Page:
Running in the 'Meda: A runner's report card

Running in the 'Meda: A runner's report card

Marty Beene

I like to track my fitness. When I was in my 20s and 30s, I focused mostly on how fast I was running, typically comparing my times for road and track races. When I got into my 40s, though, as with approximately 100 percent of humans, I couldn't run as fast as I used to, so I started to look at my year-to-year fitness in different ways. Sometimes it involved miles of running (e.g., how many compared to the previous five years), or combined workouts of running, walking, cycling, and swimming.

In order to try to compare one year to another, I convert all of my aerobic workouts to "running miles" using sometimes elaborate formulas and graphs. This helps me create apples-to-apples comparisons so that I can conclude whether any given year surpasses another in various ways. In 2010, the year I turned 49, I only ran about 600 miles, but I swam and cycled so much that my estimated conversion to running miles was over 100 miles more than in 1988, when I had my best year of running performance. Indeed, I found ways to be able to say, "I did 'X' last year, which I'd never done before!" So every year I take a look at what I've done, fitness-wise, to compare to the past. What have I accomplished in this area of my life?

In 2014, I ran 1,044 miles, which is the most I had run since 2004. I only biked a little over 500 miles - a far cry from 2011, when I biked nearly 2,500! Don't ask how my swimming went in 2014.

What was different about 2014? For the first time since 2004, I actually developed and followed a training plan to train for a specific race. Doing that proved to be the right idea, as I ran my fastest 10k in almost 10 years, and my first one ever on a track. I finished the year ranked ninth in the U.S. in the 10,000-meter track event in my age group. I also ran a two-mile on the track for the first time ever. My time wasn't that great because I ran it at the end of a meet in which I ran six other events before that one, but now when my high school runners ask me what my best two-mile time is, I can tell them.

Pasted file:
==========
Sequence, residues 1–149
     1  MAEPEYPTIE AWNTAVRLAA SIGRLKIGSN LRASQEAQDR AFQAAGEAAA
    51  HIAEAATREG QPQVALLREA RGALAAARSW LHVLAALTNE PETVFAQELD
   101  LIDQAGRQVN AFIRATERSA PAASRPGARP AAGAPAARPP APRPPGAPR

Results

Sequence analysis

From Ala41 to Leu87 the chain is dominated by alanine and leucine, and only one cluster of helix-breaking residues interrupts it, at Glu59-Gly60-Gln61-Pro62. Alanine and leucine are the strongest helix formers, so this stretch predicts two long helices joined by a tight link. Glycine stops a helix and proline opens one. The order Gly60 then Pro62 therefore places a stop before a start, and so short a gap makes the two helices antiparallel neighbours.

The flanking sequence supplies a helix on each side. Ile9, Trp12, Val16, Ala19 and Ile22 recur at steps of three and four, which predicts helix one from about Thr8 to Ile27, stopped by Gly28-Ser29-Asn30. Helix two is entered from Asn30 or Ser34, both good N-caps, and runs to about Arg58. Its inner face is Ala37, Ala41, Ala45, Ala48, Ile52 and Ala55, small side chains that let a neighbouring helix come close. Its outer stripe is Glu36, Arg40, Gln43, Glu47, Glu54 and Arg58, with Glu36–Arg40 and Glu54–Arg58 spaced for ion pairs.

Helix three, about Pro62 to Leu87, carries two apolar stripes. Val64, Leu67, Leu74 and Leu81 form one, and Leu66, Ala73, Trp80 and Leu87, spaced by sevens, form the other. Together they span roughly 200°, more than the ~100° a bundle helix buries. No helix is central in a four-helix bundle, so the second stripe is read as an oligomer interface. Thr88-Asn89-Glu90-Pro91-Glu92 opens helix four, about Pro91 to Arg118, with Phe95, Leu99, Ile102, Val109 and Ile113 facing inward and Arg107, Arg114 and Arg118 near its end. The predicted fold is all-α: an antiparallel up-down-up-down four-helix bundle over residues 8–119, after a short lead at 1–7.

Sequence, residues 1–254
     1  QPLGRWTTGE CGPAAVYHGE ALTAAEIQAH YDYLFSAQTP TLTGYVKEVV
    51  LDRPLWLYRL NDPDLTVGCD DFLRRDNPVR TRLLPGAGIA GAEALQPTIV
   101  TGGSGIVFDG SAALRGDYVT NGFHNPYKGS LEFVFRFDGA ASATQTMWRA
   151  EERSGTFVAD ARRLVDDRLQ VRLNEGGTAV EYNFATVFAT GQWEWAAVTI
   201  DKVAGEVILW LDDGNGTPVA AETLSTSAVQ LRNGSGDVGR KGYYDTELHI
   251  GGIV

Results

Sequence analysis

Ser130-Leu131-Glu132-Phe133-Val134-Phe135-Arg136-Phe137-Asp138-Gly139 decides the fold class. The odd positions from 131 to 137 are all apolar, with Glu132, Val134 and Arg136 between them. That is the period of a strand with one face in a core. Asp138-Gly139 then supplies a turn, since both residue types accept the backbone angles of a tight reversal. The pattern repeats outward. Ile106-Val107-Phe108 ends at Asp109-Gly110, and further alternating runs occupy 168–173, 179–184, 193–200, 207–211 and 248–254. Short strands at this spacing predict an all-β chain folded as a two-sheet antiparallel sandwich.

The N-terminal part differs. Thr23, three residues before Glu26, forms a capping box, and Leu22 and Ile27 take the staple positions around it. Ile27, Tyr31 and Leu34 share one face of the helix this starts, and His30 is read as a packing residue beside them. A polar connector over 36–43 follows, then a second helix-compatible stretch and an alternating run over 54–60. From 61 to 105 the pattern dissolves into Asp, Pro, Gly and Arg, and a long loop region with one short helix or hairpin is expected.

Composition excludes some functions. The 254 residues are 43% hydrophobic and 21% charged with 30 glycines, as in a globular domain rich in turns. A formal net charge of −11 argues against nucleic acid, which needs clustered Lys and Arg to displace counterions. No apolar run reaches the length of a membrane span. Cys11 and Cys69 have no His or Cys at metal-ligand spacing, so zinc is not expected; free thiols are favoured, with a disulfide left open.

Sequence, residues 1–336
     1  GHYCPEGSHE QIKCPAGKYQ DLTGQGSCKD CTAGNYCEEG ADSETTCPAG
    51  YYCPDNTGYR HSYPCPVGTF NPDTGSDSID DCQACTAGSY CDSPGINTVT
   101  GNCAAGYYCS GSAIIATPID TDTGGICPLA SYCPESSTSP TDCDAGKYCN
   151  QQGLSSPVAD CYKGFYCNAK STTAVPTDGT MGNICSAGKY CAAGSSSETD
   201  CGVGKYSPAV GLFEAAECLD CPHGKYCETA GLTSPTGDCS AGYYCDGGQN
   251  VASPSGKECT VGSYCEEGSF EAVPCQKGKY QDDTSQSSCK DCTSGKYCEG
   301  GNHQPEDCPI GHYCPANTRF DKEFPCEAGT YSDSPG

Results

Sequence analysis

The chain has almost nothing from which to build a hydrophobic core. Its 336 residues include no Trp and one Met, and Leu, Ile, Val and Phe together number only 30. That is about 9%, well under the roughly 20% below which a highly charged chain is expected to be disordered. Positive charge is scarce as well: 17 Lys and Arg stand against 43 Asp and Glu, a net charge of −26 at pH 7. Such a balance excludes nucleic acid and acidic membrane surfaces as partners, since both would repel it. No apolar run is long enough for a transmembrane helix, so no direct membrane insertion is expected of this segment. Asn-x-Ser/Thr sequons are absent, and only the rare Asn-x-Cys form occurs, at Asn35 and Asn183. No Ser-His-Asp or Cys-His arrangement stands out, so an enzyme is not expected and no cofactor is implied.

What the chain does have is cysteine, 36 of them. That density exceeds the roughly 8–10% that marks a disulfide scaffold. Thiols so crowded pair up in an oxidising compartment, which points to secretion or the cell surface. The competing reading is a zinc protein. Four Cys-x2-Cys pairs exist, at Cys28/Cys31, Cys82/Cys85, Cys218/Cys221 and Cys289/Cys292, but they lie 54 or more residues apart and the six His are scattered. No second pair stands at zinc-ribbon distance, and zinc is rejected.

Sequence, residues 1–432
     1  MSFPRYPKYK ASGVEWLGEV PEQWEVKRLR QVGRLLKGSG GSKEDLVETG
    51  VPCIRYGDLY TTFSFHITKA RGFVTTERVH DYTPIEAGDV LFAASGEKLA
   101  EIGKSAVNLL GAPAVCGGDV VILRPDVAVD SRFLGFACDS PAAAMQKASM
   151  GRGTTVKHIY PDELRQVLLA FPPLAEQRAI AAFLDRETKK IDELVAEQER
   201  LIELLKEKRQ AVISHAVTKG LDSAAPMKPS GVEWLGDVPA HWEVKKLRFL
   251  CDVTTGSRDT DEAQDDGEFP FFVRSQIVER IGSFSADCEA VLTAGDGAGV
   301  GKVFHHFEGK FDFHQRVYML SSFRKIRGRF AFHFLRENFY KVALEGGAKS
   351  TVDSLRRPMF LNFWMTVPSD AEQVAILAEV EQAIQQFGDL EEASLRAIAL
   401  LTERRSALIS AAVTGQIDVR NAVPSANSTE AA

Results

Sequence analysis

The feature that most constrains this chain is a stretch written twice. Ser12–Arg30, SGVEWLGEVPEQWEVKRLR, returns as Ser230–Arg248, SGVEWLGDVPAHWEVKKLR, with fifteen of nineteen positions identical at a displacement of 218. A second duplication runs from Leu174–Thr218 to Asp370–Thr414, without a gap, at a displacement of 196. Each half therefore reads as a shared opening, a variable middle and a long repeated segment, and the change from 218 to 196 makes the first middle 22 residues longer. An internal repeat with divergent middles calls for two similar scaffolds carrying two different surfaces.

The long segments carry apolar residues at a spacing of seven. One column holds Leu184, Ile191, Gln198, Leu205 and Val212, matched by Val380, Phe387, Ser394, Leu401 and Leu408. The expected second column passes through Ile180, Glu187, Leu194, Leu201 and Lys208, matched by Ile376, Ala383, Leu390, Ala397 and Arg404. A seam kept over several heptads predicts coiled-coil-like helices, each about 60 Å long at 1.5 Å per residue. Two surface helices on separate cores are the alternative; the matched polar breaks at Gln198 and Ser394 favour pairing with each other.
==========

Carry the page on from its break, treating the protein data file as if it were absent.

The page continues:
While I didn't do as much strength work as I would have liked, I feel like I have a better balance of strength throughout my body than ever before. In the past, I have often worked only on my upper body when lifting weights. In 2014, I made an effort to apply various strength exercises to my legs, core, and arms. I think that definitely helped me stay healthy enough to run as many miles as I did. Running those miles and working on a more comprehensive strength program also seemed to result in keeping a more consistent weight than in many previous years (only about three pounds difference between lightest and heaviest).

Another result of the kind of exercises I did in 2014 is that my overall balance and agility seems better. I acknowledged that I've been in my 50s for a few years now, so it's natural to expect to be less agile and have more of a challenge with balance. I found that it's not that hard to incorporate elements of balance and agility into any exercise routine, and the results are easily noticed.

What am I going to try to achieve in 2015? I don't know all of my goals yet, but one is that I want to average one aerobic workout per day. I do take days off, but I will also often do two workouts in one day, like doing a run in the morning, then going for a two- or three-mile walk in the afternoon or evening. I just missed this mark in 2014, with 354 workouts. My all-time record was 409 in 2010.

How did your 2014 compare with your past fitness?

Marty Beene, a USA Track & Field certified coach, is owner of Be The Runner; he coaches adults from beginners to veterans individually and in groups. If you want some ideas on how to track your fitness and/or to incorporate exercises to improve your balance and agility, Marty can be reached at